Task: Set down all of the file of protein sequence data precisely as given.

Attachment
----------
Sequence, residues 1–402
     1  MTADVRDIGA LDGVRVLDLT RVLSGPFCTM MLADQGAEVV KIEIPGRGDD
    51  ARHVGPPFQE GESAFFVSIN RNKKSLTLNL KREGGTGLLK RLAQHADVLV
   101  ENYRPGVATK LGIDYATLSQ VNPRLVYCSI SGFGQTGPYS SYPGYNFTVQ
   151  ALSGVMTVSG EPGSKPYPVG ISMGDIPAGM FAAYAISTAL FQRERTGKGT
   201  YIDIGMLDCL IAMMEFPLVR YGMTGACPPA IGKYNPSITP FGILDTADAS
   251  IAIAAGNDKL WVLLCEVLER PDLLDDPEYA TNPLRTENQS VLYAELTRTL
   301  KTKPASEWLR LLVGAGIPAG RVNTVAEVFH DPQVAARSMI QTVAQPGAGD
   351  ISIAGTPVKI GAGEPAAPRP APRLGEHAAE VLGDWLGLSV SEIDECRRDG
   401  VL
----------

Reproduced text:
Sequence, residues 1–402
     1  MTADVRDIGA LDGVRVLDLT RVLSGPFCTM MLADQGAEVV KIEIPGRGDD
    51  ARHVGPPFQE GESAFFVSIN RNKKSLTLNL KREGGTGLLK RLAQHADVLV
   101  ENYRPGVATK LGIDYATLSQ VNPRLVYCSI SGFGQTGPYS SYPGYNFTVQ
   151  ALSGVMTVSG EPGSKPYPVG ISMGDIPAGM FAAYAISTAL FQRERTGKGT
   201  YIDIGMLDCL IAMMEFPLVR YGMTGACPPA IGKYNPSITP FGILDTADAS
   251  IAIAAGNDKL WVLLCEVLER PDLLDDPEYA TNPLRTENQS VLYAELTRTL
   301  KTKPASEWLR LLVGAGIPAG RVNTVAEVFH DPQVAARSMI QTVAQPGAGD
   351  ISIAGTPVKI GAGEPAAPRP APRLGEHAAE VLGDWLGLSV SEIDECRRDG
   401  VL